A legendary chocolate chip cookie bar with a devoted following, Congo Bars are exactly what to bake when you’re craving chocolate, nuts, and coconut. Some might say that nothing else even comes close to how good they are.
Congo Bars, or Congo Squares, seem to be everyone’s favorite long-lost vintage cookie recipe from their childhoods. They’re similar to Blondies, but with a little extra oomph, thanks to the nuts and coconut. Summer pool parties, picnics, after school snacks…gooey, rich Congo Bars hit the spot.
As with any delicious bar cookie, you can change out the ingredients as you see fit, to work around a nut allergy or your own personal preference. Go ahead, try walnuts instead of pecans, or all dark chocolate chips in place of the white. Congo Bars with coconut don’t always have to be with coconut. You get the idea.
Because this is a sturdy bar, it travels well to school functions, meetings, and study groups. All you have to do is place the plate down on the table and wait for everyone to dig in—the oohs and aahs will speak for themselves.
Making Congo Bars for the longest Conga line ever? Make a quadruple batch and keep dancing! Click and slide the number next to “servings” on the recipe card below to adjust the ingredients to match how many you’re feeding—the recipe does the math for you, it’s that easy.
Congo Bars Origin:
Why is it called Congo Bar? There are several theories floating out there about the history of the Congo Bar. One of the first recipes for Congo Squares showed up in the 1940s on a package of Nestlé chocolate chips. It might have been a marketing gimmick to compete with the wartime “Tropical Bar” that Hershey’s had developed for soldiers.
Others speculate that “Congo” refers to coconut and chocolate, both rather exotic ingredients in the early half of the 20th century. And yet other research links the Congo recipe to something served at the Congo Room, the name of the themed mid-century lounges that dotted the United States from Las Vegas all the way to Canton, Ohio.
And the mystery deepens; some insist that Congo is short for ‘congregation,’ as the recipe was so popular in congregational churches, at bake sales or afternoon teas.
One thing everyone can agree on is that it doesn’t get any better than a moist and chewy cookie bar that’s chock full of delicious stuff. Just look!
How to make Congo Bars:
This is completely easy, and you don’t need a mixer, either. Let’s get baking!
- First, line a baking pan with foil and grease it up with butter or non-stick cooking spray. Preheat the oven to 350 degrees.
- In one bowl, whisk together the flour, baking powder, and salt. In another larger bowl, mix the butter and sugar together. Next, add the eggs and vanilla.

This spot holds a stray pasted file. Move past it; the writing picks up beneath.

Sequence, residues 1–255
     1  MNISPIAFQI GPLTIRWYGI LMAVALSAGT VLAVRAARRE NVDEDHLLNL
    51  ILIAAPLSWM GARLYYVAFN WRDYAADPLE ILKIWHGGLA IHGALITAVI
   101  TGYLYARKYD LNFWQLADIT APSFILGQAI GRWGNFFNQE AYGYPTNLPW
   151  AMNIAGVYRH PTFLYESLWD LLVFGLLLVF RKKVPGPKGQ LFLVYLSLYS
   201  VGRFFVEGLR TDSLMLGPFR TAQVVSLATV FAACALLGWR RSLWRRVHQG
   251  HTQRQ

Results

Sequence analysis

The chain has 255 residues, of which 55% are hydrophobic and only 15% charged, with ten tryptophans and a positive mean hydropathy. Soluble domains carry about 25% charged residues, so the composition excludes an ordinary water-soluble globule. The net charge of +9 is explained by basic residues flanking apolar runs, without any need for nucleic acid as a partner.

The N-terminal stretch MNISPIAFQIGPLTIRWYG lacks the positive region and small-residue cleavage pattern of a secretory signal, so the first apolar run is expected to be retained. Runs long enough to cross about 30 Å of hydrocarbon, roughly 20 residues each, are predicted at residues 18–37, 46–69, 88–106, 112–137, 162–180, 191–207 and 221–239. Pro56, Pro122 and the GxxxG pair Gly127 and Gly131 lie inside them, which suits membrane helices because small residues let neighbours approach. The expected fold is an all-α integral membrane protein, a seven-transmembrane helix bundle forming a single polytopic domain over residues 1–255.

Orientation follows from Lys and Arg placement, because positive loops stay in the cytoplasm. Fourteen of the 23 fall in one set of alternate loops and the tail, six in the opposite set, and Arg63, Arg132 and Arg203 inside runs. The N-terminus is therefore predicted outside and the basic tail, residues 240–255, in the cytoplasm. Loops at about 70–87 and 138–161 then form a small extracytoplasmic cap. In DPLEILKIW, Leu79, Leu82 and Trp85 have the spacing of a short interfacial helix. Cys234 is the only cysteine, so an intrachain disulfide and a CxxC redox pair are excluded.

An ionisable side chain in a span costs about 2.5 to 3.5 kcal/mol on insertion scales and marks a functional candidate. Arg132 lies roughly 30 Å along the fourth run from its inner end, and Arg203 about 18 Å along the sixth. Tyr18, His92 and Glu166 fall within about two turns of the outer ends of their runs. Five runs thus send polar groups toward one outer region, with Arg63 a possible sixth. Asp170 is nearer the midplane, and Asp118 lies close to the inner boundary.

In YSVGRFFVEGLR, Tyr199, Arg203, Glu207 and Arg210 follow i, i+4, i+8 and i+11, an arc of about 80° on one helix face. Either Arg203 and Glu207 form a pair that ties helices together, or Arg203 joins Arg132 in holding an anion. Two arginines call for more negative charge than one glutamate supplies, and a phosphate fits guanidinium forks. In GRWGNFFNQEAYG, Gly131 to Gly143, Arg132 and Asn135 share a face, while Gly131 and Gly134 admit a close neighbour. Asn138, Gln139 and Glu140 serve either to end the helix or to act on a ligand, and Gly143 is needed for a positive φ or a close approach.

- With a rubber spatula, fold in the dry ingredients until just combined.
- Then gently mix in coconut, nuts, and chocolate chips.
- Spread the batter into the prepared baking dish and smooth the top. Maybe a few extra chips and nuts pressed into the top, for looks.
- Bake about 22-25 minutes, until a toothpick inserted in the center of the cookies comes out a tiny bit moist, with only a few crumbs still attached.
- Cool in the pan until you just can’t resist them any more, then cut into bars. The foil lining makes the bars easy to remove.
Now that you know what Congo Bars are, all you have to do is join the fan club and share the recipe with all your favorite people.
Congo Bars vs. Blondies:
What is the difference between Blond Brownies and Congo Bars? Not a whole lot, especially since the two recipes have so many variations between them. For example, if you like your Blondies with coconut and pecans…or if you like your Congo Bars without coconut…well, then, it’s just a matter of what you like to name your recipe. The cookie doesn’t care, as long as you enjoy it.
Most people think that a Blondie or Congo Bar is just a chocolate chip cookie dough pressed into a sheet pan. It’s actually only partially true. The batter starts with melted butter instead of creamed butter and sugar, so it’s even easier to make than a cookie.
Congo Bars Recipe
- 1 1/2 cups all-purpose flour
- 1 teaspoon baking powder
- 1/2 teaspoon Salt
- 12 tablespoons unsalted butter melted and cooled (1 1/2 sticks)
- 1 1/2 cups light brown sugar packed
- 2 large eggs
- 4 teaspoons vanilla extract
- 1 1/2 cups toasted shredded coconut (sweetened)
- 1 cup toasted pecans (4 ounces)
- 1/2 cup semisweet chocolate chips (3 ounces)
- 1/2 cup white chocolate chips (3 ounces)
- Adjust oven rack to the middle position and preheat oven to 350 degrees. Line a 9-inch by 13-inch baking pan with a foil sling and coat with nonstick spray.
- In a medium bowl, whisk together flour, baking powder, and salt. Set aside.
- In a large bowl, mix together butter and sugar. Whisk in eggs and vanilla until combined.
- Using a rubber spatula, stir in the dry ingredients until just combined. Fold in coconut, pecans, and chips.
- Scrape batter into prepared pan and smooth the top. Bake until a toothpick inserted in the center comes out slightly moist with a few crumbs attached, about 22 to 25 minutes. Rotate the pan halfway through baking time.
- Cool completely in pan on a wire rack, about 2 hours. Remove from pan using foil sling and cut into 24 squares.